Fast forward to today and we’re seeing the emergence of new technology for marketing, such as augmented reality, geofencing, and emotion detection. The continual emergence of new technology perpetually creates skills gaps that must be filled by employees who are passionate, motivated, and invested in their own learning. These kinds of team members are committed to developing new skills and leveraging their strengths to outperform.

But not all employees can easily identify their strengths or develop new skills. This is likely why nearly half of employees today feel unengaged at work, with nearly 20% feeling “actively disengaged.” At the same time, companies are struggling to align employee strengths with organizational priorities. Employees may have certain strengths, but employers may find those skills don’t directly increase operational efficiency or performance. This is why nearly 80% of businesses are more worried about a talent shortage today than they were two years ago.

So, what’s the answer? Employees and employers must work together to identify what roles are currently filled, what skills are still needed, and who best exemplifies those skills. For employees, this means taking control of how they grow their careers and improving for the better. For employers, this means displaying an unwavering commitment to employee reinvestment by understanding key areas of interest to effectively fill skills gaps.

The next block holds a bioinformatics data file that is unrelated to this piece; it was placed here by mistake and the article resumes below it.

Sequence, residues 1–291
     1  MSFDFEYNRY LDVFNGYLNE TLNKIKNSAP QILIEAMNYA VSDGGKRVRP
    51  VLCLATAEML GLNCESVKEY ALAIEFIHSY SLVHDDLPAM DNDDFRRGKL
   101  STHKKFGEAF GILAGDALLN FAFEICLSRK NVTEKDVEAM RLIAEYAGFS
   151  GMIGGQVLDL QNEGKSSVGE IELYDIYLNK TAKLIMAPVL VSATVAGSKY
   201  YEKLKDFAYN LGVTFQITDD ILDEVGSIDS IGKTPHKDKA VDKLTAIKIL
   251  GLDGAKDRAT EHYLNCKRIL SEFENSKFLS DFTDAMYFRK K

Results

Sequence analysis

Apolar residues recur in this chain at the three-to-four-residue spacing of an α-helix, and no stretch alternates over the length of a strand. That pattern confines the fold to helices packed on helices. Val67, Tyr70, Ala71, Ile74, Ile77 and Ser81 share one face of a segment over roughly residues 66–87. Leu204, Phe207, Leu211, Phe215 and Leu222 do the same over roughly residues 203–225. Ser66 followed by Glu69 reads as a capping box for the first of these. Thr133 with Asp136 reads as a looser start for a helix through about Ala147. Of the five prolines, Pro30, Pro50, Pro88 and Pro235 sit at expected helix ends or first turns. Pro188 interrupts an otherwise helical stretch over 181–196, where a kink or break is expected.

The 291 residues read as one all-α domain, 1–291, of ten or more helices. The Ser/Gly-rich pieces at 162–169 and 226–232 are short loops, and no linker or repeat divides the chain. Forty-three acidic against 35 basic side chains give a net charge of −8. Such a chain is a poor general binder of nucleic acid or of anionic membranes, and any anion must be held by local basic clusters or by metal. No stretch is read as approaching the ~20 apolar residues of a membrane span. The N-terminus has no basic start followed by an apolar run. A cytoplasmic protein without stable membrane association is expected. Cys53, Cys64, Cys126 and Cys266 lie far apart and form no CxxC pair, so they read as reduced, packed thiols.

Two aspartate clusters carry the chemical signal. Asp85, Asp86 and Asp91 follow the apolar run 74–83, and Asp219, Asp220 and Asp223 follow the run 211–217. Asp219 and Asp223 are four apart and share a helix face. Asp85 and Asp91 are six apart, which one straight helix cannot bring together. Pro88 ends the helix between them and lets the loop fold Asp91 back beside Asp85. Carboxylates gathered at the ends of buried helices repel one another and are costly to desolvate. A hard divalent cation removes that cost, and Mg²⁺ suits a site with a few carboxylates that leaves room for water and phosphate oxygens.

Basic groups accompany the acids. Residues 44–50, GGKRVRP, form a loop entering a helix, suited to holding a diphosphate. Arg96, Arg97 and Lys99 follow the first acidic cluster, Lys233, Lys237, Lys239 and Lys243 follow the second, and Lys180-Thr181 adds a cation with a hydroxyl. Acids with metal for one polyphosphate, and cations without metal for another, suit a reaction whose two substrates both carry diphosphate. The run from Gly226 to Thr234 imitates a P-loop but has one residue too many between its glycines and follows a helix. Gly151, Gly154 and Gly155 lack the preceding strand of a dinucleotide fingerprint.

At Avaya, for example, we’re leading an employee enablement program under our Marketing 3.0 strategy. The initiative is designed to help strengthen our marketing organization by equipping employees with the right competencies that reflect our culture, strategy, expectations and market dynamics. By doing so, we can ensure we’re recruiting and managing talent in the most strategic way, putting the right people in the right jobs with the abilities to perform at maximum potential every day. By having each marketing function participate in a simple knowledge profile exercise, we can begin objectively determining development opportunities that best meet their needs and the needs of our business.

As technology continuously evolves, it’s crucial that employees have a propensity for continuous learning and that organizations foster an environment for this learning. In the words of former GE CEO Jack Welch, “An organization’s ability to learn, and translate that learning into action rapidly, is the ultimate competitive advantage.”

We live in a world that is rapidly and inevitably changing. Employees should embrace this change to thrive, and must if they wish to propel business forward. As employers, we are responsible for strategically leveraging our resources to align employee strengths with organizational needs to succeed in this environment of constant change.